I have a set of n elements (1,000 <= n <= 100,000) and I can compute the grade of similarity between each pair, that is a value from 0 (very similar) to 1 (very different). I would like to cluster the elements based on their grade of similarity.

I thought about representing them as a graph, the elements are the vertices and the weighted edges are the similarity between them. I read about the MCL algorithm but I think it isn't the best approach since my graph is complete.

On the other hand, as there are a lot of elements, maybe computing the similarity between each pair is not the best practice (I want a fast algorithm). I also read something about leader clustering algorithms but, again, I am not sure if it is the best approach because, as far as I know, it is quite prone to fail due to its greediness (I would like something more robust).

Edit: I forgot to mention that I know a threshold for which when the comparison between two elements is higher than it, then I know that they belong to different clusters.

  • 2
    If I know Similarity(a,b) and Similarity(b,c), does that tell me (or allow me to bound) Similarity(a,c)? – Ben Aaronson Mar 19 '15 at 13:49
  • No. Sometimes it does, but I never know when it is likely to occur – ibci Mar 19 '15 at 14:03
  • 3
    The type of clustering algorithms you might want to use (given your requirements) is probably complete-linkage clustering which is necessary to avoid the chaining problem. If it is more complex than that, you may have to reconsider how that "similarity" is defined - e.g. if it is originally computed by a vector of scores, you may have to use that whole vector instead of a single similarity value. – rwong Mar 19 '15 at 15:33

I don't think any meaningful clustering is possible if similarity(a,b) and similarity(b,c) don't upper-bound similarity(a,c). To demonstrate, let's consider the following simple (and extreme) example with only 3 items:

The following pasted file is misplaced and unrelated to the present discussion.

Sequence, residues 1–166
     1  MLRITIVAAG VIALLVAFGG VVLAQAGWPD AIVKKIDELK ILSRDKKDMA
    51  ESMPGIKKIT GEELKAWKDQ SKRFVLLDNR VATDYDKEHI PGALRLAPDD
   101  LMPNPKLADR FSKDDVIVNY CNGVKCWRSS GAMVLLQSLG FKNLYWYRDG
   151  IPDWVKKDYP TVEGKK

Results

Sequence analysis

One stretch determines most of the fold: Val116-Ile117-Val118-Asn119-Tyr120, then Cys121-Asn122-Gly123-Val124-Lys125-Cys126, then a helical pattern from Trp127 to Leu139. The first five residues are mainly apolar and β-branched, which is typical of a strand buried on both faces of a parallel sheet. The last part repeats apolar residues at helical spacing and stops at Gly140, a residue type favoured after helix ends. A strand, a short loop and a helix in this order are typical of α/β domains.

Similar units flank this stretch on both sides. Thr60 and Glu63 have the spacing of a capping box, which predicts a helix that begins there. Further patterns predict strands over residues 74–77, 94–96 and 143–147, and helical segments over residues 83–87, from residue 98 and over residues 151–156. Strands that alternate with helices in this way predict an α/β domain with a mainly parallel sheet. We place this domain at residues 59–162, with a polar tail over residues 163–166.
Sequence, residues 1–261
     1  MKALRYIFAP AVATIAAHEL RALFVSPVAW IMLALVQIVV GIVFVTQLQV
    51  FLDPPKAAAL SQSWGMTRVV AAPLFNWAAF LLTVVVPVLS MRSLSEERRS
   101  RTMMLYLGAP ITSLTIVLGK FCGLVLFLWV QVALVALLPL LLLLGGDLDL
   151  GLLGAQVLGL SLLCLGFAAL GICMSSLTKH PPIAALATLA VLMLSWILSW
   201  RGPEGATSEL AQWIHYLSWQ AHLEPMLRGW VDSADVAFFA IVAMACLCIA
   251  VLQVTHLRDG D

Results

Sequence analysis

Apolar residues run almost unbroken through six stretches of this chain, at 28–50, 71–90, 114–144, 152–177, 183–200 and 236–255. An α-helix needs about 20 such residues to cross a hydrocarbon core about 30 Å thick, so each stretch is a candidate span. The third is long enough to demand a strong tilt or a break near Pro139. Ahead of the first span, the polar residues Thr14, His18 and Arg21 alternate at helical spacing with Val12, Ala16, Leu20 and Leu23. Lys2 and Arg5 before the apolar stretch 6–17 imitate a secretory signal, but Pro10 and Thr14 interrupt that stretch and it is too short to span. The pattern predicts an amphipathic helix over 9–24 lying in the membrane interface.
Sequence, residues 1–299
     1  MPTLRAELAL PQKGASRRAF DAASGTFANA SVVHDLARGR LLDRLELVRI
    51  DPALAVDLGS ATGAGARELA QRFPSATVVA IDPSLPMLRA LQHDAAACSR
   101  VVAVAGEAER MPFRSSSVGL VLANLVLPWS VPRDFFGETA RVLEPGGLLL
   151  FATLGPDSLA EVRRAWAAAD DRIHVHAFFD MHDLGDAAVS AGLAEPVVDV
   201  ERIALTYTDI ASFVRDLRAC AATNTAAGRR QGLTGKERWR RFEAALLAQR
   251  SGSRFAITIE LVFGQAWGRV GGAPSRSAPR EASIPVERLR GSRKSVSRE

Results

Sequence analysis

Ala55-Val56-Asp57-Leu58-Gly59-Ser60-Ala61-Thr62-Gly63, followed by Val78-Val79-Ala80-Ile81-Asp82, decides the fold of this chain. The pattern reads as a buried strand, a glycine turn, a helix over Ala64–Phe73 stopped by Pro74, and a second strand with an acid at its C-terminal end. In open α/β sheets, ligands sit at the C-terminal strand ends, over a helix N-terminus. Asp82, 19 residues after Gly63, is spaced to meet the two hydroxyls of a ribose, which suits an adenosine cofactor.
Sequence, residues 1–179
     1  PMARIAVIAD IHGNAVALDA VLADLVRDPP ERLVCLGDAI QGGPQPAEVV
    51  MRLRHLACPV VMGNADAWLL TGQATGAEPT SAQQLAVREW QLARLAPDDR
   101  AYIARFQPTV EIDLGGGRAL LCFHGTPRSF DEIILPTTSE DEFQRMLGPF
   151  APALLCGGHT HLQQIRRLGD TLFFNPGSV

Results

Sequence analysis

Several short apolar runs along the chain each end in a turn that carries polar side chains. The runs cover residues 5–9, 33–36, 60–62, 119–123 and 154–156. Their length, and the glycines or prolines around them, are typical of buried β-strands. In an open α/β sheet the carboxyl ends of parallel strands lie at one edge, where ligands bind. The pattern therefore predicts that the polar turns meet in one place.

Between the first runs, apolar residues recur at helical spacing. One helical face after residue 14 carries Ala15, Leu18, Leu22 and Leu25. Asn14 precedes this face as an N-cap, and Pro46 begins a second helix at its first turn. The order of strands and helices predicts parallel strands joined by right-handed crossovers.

• similarity(a,b) == 0
  • similarity(b,c) == 0
  • similarity(a,c) == 1

a should thus be in the same cluster as b and b in the same cluster as c. But a and c should be in different clusters, which contradicts the previous expectations.


This is a spectral clustering problem which has been studied in research area for a long time. Generally speaking, a spectral clustering algorithm uses the eigenvalues (aka spectrum) analysis to split the data into two or more clusters at a time. Each of this splitting is somehow globally optimized which leads to a overall good results of the final clustering.

The wikipedia entry can give more details.

PS: Commonly an element of a similarity matrix, which is a similarity measure for two objects, has a smaller value for dissimilar objects and a larger value for similar ones.

  • An answer that amounts to 'go google it' is not a strong answer. Please provide information about the nature of the problem and a brief summary of the information. If appropriate, include references to your summary for further reading for the OP, though these references should not make up the bulk of the answer. – user40980 Apr 12 '15 at 16:23

Your Answer

By clicking “Post Your Answer”, you agree to our terms of service, privacy policy and cookie policy

Not the answer you're looking for? Browse other questions tagged or ask your own question.